A journey into humanity’s past - Namibie Safari et Lodges - Gondwana Collection

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A journey into humanity’s past

Avatar of inke inke - 04. août 2017 - Discover Namibia

Dr Wendt doing excavations at the Apollo 11 Cave in 1972. (Private Collection Antje Otto)

It is the year 1969. Man sets foot on the moon for the very first time. The whole world is mesmerized by the Apollo 11 mission. Archaeologist Dr Wolfgang Wendt from Cologne in Germany embarks on a similar mission, albeit in the opposite direction. Instead of reaching into space he digs into the ground and his journey is not into the future but the primeval past of mankind. He starts his excavations in a cave in the Huns Mountains northeast of Rosh Pinah in southern Namibia, which he names Apollo 11, and discovers a small fine-grained slab of sandstone with traces of an animal drawn on it. The result of age determination causes a sensation. At around 27,000 years old, this slab is so far the oldest work of art found in Africa. 

In 1968 Wolfgang Wendt, then 33 years old, was sent to South West Africa by the Prehistory Institute at the University of Cologne. I never expected that I would be unearthing results faster than I was able to dig, he says about those days in 2013, sitting in his room in the Schanzenoord Home for the Aged, overlooking Windhoek.

Wendt holds a PhD in archaeology and specialises in prehistory and early history. After his arrival in South West Africa he first looked into the rock art in the Erongo Mountains, at the Spitzkoppe and at Twyfelfontein. In early 1969 he traveled south for the first time, to the farm Aar among other places because in his opinion the most beautiful rock engravings were found there. But unfortunately there were hardly any excavation sites where I would have been able to tap into the sequence of prehistoric events.

In April 1969 he visited the Apollo 11 Cave for the first time. He knew about it from books and through hearsay. I still remember an old black-and-white photo from German colonial times, which showed an officer with a dog standing in front of the cave as part of an exploratory walk. When I got there I immediately recognised the characteristics of the landscape, even though the picture was more than half a century old.

Asked why of all possible sites he chose the Apollo 11 Cave for his excavations, Wendt says: I was simply lucky! After all, I had to start digging somewhere. This cave is quite accessible through the dry riverbed of the Nuob and there is also a seeping spring nearby, which is probably the reason why it was chosen by primeval people as a resting place in earlier times.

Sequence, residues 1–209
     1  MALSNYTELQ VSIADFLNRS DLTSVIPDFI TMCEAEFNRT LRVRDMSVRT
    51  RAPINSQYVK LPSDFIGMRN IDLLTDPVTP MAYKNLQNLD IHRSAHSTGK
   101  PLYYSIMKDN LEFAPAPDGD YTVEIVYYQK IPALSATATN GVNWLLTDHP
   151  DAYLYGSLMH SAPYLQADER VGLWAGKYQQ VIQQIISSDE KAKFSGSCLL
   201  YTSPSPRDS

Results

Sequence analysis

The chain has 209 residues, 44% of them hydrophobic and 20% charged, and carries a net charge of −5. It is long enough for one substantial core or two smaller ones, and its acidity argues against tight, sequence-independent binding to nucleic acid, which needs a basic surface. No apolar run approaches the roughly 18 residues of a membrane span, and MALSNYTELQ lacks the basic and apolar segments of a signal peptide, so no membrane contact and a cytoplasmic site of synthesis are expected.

The Apollo 11 Cave on the upper reaches of the dry Nuob River (a tributary of the Gariep/Orange River) turned out to be a veritable treasure trove. During the winter months, from May to September, Wendt worked in the cave in two- to three-week intervals. In between he returned to Windhoek to analyse his material. He always travelled with his levelling instrument and his wooden measurement board which he still cherishes today. On scale paper he drew the outline of the cave, cross sections of excavations and profiles.

In 1972 he discovered his favourite find: the other half of the sandstone slab which had caused a sensation three years earlier and was declared Africa’s oldest work of art, though initially he actually did not recognise it as such. In his office in Windhoek he was unpacking his latest finds from the Apollo 11 Cave. The legendary first half of the 27,000-year-old fine-grained sandstone slab sat on his desk. A farmer’s wife walked in to say hello and immediately spotted the second half of the famous slab among the ragbag of “new” pieces. I surely would have noticed it, too, at some stage, Wendt says with a twinkle in his eye.

The slab is “art mobilier”, portable art that was carried along. The complete drawing shows a mystical being, half animal, half human. Similar themes are found among the rock paintings at the Brandberg Mountain, which are not “mobile”, however, and much younger at 4000 years old at the most. Wendt continued to dig and came to the conclusion that the cave was inhabited for at least 70,000 years, including lengthy breaks.

He conducted research for the Prehistory Institute at the University of Cologne until 1982. Following the excavation successes in the Apollo 11 Cave he turned his attention to the Schwarzrand Mountains between Maltahöhe and Helmeringhausen. He resigned from the university and stayed on in South West Africa as an independent expert.

Apart from writing numerous papers on his archaeological finds he is also the author of publications such as a book on narrow-gauge railways in South West Africa (Die Feldspurbahnen Südwestafrikas) and a feature on the old cemetery in Windhoek which appeared in the Afrikanischer Heimatkalender.

Dr Wolfgang Wendt passed on in August 2015 at the age of 81 years. His scientific heritage is safeguarded by the National Museum of Namibia. 

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